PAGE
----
Oh, but it was worth it!


060: Synchronization Proxy

synchronization proxy (plural synchronization proxies)

(Internet) Alternative form of “synchronisation proxy”.

Well, that was useful.

Today, for posterity I again record the location of the gnome-settings-daemon for whatever GNOME I have now on Fedora 17: it’s at /usr/libexec/gnome-settings-daemon. I have created a local alias (“gsd”) for my own convenience – it comes in handy for display problems, I find.

Two links to consider, the first that would activate i3lock before laptop sleep, and the second which describes basic dealings with service files:

and by the way, just now there’s an interesting section on power management:

Back to school tomorrow, oh Lordie me…

But a long weekend with family and friends (oh! I miss them already) has done me well; my cold’s almost gone away, and I am now the proud owner of a beautiful wicker-work creature which I call my Patronus. I have no idea what it is. I like it.


EDIT: I’ve GOT it! Now I can just close the lid on my laptop and come back to a locked screen automatically! The downside is that the color is set directly in this shell script placed in /usr/lib/systemd/system-sleep/ (directory system-sleep had to be created), which means that if it ever takes my fancy to change the color that i3lock works on, I’ll have to modify this script. Pity! I don’t actually know what the shell script does, I just copied the instructions at .

#! /bin/sh
case “$1” in
i3lock -i 90a5a6
*) exit $NA


EDIT: Tragically, I rescind my previous edit about success. It doesn’t work now. Strange.


EDIT: kludge discovered via Ubuntu documentation; there’s a dispatch script that xfce4-power-manager calls, named xflock4; I simply create a local shell script of that name and have it call i3lock with the appropriate parameters – ET VIOLA, the problem is solved!


059: Plus-size


plus-size (comparative more plus-size, superlative most plus-size)

(of clothing) Designed to fit an overweight person.
(of a person) Overweight.

Over at Christine’s, Joyce’s, and Tina’s house today for a Thanksgiving after-party, we watched Amélie. WOW, but that was a GOOD film.

I’m not a huge fan of the modernist, accordion-heavy film score (Yann Tiersen, hats off to you anyway) but at least it fails to be cliche.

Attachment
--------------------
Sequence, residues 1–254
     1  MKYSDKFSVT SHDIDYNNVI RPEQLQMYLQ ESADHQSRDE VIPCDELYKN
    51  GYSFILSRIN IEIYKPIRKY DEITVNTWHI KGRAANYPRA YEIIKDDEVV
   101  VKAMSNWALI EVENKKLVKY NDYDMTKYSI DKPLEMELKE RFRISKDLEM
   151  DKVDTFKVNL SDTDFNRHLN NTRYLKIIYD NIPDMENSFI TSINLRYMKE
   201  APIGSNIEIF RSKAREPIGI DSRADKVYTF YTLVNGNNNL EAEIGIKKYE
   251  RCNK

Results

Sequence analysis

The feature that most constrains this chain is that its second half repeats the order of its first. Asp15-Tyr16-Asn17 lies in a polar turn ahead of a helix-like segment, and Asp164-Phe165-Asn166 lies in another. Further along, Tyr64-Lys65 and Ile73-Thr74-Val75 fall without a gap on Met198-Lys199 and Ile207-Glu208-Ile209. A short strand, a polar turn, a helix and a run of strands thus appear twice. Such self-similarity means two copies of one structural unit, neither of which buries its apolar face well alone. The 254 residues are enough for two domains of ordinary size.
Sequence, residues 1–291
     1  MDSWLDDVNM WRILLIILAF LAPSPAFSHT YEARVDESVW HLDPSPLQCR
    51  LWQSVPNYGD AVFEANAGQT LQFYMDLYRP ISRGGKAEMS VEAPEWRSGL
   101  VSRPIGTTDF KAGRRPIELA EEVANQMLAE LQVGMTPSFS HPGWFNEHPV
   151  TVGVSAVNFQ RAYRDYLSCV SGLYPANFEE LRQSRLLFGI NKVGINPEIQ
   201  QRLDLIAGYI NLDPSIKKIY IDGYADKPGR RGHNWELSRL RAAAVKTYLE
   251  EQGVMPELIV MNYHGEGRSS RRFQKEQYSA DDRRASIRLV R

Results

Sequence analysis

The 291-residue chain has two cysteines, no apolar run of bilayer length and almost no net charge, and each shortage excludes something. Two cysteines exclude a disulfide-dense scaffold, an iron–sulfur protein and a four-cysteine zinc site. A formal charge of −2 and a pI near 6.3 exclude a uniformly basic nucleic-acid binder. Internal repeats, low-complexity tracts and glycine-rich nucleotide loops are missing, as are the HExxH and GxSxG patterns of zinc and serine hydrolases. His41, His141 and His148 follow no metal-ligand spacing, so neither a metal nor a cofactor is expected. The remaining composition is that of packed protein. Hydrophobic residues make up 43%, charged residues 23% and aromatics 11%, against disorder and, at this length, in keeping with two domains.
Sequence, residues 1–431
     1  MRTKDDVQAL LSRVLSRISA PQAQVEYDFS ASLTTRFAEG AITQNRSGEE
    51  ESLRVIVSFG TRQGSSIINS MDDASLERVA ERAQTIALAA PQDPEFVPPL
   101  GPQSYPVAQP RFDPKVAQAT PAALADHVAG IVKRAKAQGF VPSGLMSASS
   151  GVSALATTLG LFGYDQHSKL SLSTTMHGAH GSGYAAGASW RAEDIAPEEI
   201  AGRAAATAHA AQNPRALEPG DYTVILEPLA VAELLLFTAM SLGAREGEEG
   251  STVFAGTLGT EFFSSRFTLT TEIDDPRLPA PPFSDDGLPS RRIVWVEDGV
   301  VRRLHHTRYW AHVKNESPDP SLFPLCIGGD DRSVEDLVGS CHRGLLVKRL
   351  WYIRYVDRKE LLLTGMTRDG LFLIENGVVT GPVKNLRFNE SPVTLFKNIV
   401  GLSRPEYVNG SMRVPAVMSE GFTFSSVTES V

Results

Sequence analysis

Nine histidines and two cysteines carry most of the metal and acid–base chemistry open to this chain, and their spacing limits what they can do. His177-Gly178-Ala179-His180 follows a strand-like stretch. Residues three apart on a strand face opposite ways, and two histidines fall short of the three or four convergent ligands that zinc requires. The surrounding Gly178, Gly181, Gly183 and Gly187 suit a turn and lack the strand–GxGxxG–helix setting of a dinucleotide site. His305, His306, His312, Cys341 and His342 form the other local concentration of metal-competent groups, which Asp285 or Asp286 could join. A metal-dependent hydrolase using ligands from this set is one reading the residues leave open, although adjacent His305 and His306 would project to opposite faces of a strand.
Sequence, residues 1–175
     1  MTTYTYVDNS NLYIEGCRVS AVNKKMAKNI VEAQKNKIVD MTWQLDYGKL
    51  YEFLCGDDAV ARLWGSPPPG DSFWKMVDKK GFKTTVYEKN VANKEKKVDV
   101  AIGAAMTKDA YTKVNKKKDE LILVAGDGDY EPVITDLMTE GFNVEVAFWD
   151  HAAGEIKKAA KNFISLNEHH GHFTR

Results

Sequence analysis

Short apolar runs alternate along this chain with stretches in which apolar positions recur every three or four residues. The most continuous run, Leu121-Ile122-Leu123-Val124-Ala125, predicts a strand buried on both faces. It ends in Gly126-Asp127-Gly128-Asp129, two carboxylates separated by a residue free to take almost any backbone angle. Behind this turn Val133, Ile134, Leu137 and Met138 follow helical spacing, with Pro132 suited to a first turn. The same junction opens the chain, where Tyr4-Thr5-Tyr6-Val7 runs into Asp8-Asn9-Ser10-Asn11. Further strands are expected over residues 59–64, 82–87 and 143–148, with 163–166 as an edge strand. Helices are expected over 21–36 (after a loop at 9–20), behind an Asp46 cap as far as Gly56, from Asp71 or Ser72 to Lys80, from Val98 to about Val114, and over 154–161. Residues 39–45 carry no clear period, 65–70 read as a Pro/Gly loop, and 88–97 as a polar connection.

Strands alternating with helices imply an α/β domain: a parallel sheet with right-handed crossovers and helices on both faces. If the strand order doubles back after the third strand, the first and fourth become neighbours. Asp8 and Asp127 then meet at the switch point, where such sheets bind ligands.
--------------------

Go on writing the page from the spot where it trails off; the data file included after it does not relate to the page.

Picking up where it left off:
The film itself was sort of a novelty to me – gimmicks that are typical of films of the day, like color shenanagians and beautiful wide-angle camera shots. Very pretty, but I’m not sure if that’s considered substance.

Still, the subject matter – a long-winded love story of the title character and a man who has a funny hobby of collecting photos – is beautifully portrayed and wonderfully executed and just wow. It was a heart-warming story, too; the way they live and love is something delightful to see.


058: loathsomeness

A whirlwind of activity like never before took my schedule by force: I was up until a quarter to five this morning. I would have been in bed before then if not for a long conversation with The Nice Pencil-Selling guy and Alwin; that only kept me (along with math homework) ’till quarter past four.

But no, I glanced at my watch when I next crawled out of bed to light my lamp: it was a quarter to five when I began notating the first bars of my “Vulgarity no. 1 in G major for two cellos.” The work is as meaningless as anything else I have composed; the major form of musical development is a meekly simple rhythm in 2/4 held by the first cello which is slowed and phase-shifted enormously for the second cello to state as a theme.

I refuse to pull out the pathos stops and resort to the usual predictable cycle of fourths that characterize beautiful music. I lack enough experience to deal in chromatic bass lines (that’s not saying much) but I will plow ahead with the simplest model I have developed for myself.

And this work WILL be developed PROPERLY, not abandoned like the rest of my FJH Variations (which are always on my mind anyway, since the thematic material is not completely worthless).

I fell through my bed into dream country with ease, and dreamt strongly – that all disappeared, though, when I crawled out scarcely a few seconds later when Michael’s half-past-seven alarm (the first of a medley) rang.

After office hours and a late lunch, I found myself reading some of Maurice Leblanc’s Arsène Lupin works – they’re wonderful!


EDIT: careless of me to forget my word of the second!

loathsomeness (uncountable) – The property or nature that gives rise to revulsion, that inspires loathing.

057: Diamondback Rattlesnake

diamondback rattlesnake (plural diamondback rattlesnakes):

Either of two venomous rattlesnakes, of the genus Crotalus, from southern United States and Mexico, that have diamond-shaped markings on their backs: Crotalus adamanteus and Crotalus atrox.

Last night, we were evacuated from building six (yes, all of us) so the police could shoot a wounded skunk.